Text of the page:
There are plenty of well known reasons as to why being overweight or obese is unhealthy: type 2 diabetes, heart disease, high blood pressure, stroke and the list goes on. But what some people probably aren’t aware of is the potential damage being overweight can have on an unlikely part of your body--your brain. A report in Science News discusses a study which has been done comparing memory, thinking, and reasoning abilities in those suffering from obesity before and after substantial weight loss. Perhaps what is even more interesting than the fact that obesity can diminish such abilities is that the damage has been shown to be reversible with weight loss.
This study, which was conducted at Kent State University, involved one hundred and fifty obese subjects. When tested on their cognitive abilities, the individuals generally performed with lower than average results when compared to healthy people based on data from the Brain Resource International Database. Two-thirds of this study’s subjects went on to take measures, including bariatric surgery, to lose approximately fifty pounds. Though still overweight (the average individual being tested originally weighed in at just less than three-hundred pounds), the lighter patients were reassessed. These patients showed a substantial increase in their scores, most of them scoring in the average or even above-average range. On the other hand, test subjects who did not go on to lose weight showed a decrease in their scores, a surprising result to the researchers. Neurologist Stefan Knecht quotes, “You can actually watch them getting worse from one three-month period to the next if you have sufficiently sensitive measures, which [they] did.”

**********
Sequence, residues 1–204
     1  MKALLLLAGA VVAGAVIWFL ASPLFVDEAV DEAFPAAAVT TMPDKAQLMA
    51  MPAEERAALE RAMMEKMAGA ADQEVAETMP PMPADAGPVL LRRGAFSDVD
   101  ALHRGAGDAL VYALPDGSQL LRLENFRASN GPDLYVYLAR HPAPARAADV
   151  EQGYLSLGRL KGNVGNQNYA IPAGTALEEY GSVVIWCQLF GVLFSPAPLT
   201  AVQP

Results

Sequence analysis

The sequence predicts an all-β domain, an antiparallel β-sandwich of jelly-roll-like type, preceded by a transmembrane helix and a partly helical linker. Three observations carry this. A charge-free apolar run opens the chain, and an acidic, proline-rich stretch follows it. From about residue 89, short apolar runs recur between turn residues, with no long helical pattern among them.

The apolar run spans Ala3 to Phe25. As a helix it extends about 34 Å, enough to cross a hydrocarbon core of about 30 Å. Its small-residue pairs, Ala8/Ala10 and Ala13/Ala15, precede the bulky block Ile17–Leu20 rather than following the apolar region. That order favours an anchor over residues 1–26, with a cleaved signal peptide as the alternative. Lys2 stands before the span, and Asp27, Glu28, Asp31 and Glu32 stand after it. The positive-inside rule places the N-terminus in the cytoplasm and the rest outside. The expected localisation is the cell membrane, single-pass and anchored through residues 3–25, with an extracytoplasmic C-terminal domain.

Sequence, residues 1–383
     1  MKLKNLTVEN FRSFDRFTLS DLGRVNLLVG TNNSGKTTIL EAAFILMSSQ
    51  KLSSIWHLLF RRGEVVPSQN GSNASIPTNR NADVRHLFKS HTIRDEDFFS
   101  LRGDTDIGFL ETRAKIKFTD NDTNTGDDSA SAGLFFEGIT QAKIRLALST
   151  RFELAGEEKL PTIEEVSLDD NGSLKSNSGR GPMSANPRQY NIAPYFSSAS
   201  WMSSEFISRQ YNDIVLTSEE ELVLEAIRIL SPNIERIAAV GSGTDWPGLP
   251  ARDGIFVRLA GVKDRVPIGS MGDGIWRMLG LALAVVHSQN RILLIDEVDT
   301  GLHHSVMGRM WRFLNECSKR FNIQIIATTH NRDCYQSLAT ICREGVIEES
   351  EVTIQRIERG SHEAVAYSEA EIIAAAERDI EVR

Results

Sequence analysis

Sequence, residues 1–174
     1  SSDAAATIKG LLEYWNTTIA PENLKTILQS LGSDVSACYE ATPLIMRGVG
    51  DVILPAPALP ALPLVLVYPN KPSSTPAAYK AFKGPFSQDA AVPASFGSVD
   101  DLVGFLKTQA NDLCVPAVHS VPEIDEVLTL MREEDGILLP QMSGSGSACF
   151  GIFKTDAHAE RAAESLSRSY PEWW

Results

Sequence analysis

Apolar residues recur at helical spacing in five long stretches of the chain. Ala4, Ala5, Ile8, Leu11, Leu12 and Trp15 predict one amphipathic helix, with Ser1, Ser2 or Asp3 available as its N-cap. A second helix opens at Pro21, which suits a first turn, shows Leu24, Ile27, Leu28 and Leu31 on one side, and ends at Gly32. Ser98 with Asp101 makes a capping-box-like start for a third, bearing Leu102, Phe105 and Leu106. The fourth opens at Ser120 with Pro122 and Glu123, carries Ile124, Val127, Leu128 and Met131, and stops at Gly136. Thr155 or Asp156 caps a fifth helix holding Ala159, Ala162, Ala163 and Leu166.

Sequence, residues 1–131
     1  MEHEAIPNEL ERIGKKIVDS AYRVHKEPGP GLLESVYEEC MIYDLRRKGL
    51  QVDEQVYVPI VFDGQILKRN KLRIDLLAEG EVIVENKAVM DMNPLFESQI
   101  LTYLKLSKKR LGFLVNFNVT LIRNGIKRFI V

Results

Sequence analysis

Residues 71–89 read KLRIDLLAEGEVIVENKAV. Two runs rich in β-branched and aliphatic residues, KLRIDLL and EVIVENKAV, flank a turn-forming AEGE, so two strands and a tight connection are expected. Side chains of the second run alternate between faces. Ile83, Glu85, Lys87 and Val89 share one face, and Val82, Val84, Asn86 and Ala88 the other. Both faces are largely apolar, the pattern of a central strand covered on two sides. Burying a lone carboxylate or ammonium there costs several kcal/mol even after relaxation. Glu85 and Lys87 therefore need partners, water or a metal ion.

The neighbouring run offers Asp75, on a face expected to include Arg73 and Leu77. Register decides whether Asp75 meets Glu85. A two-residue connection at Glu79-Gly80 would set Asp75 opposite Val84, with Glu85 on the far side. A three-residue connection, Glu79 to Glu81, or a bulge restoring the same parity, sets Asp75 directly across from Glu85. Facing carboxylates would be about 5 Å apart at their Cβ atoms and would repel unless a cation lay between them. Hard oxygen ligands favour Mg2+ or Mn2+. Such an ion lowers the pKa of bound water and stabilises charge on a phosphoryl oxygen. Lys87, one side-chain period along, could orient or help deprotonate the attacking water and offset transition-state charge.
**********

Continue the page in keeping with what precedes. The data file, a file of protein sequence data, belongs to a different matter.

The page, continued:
This is not the first time brain function in relation to being overweight has been observed. An article in The New York times describes studies done in both California and Sweden that have shown that people in their forties who were overweight were more prone to dementia over the next several decades in their lives. One suggested reasoning for this is the hormone like leptin (which is thought to play a role in the development of Alzheimer’s) which is secreted by fat tissue. Another hypothesis is that other secretions by fat tissue cause chronic inflammation of the brain, impairing one’s learning and memory functions.
A study done by previous mentioned neurologist Stefan Knecht at theUniversity of Münster in Germany used magnetic resonance imaging (MRI) to show a linkage between C-reactive protein, a blood marker of systemic inflammation and white matter (a protective layer that insulates nerve cells in the brain) integrity. His findings showed that higher levels of CRP correlated with worse performance in areas such as speed and attention, otherwise known as “executive functions.”
If the risk of heart disease of diabetes is not enough to motivate overweight individuals to strap on a pair of walking shoes and start cutting down portions sizes, then perhaps knowing that their intellectual abilities are on the line will serve as the final push towards a reformed lifestyle.
Posted by Brianna Lee (2)